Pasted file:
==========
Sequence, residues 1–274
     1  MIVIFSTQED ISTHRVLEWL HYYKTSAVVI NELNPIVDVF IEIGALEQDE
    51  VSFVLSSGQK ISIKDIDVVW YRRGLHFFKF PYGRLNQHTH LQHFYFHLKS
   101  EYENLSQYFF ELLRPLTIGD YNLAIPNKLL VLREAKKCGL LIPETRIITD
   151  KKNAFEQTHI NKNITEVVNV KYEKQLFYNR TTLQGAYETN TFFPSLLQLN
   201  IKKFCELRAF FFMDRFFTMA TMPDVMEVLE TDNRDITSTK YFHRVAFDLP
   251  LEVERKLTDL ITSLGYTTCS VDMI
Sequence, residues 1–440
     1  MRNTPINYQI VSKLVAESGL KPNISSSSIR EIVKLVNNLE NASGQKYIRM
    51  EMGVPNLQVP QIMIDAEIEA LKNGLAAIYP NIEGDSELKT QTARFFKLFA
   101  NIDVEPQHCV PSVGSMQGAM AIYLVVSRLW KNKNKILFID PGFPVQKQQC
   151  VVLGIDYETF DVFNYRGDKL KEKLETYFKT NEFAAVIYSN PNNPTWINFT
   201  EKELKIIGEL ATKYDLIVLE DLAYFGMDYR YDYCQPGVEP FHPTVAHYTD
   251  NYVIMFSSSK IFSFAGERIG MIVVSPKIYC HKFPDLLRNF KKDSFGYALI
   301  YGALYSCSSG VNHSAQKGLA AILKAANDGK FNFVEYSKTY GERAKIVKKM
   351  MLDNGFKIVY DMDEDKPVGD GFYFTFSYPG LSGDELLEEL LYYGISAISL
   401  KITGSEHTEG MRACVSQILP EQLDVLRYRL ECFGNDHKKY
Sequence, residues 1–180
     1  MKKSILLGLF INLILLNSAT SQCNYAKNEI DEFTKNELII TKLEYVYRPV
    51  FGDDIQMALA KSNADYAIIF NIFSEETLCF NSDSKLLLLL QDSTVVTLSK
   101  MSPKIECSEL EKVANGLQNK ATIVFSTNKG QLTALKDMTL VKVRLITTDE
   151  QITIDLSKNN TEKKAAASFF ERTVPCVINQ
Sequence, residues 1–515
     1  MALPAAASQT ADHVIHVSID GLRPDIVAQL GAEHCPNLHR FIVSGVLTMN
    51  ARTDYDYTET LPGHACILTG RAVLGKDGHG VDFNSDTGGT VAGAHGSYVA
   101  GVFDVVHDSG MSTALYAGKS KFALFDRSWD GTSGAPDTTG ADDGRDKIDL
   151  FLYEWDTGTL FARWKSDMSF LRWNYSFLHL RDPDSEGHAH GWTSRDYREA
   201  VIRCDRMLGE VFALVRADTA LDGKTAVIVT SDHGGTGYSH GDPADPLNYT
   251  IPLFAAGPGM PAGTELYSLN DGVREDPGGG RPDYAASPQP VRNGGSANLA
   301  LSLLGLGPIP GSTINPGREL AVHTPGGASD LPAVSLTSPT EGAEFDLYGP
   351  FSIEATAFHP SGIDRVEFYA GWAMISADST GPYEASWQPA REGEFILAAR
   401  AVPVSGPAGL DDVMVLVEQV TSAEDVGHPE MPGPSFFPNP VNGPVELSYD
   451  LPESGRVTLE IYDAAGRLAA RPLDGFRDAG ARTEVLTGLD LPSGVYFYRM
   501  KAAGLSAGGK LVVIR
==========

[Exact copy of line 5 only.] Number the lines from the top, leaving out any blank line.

   151  KKNAFEQTHI NKNITEVVNV KYEKQLFYNR TTLQGAYETN TFFPSLLQLN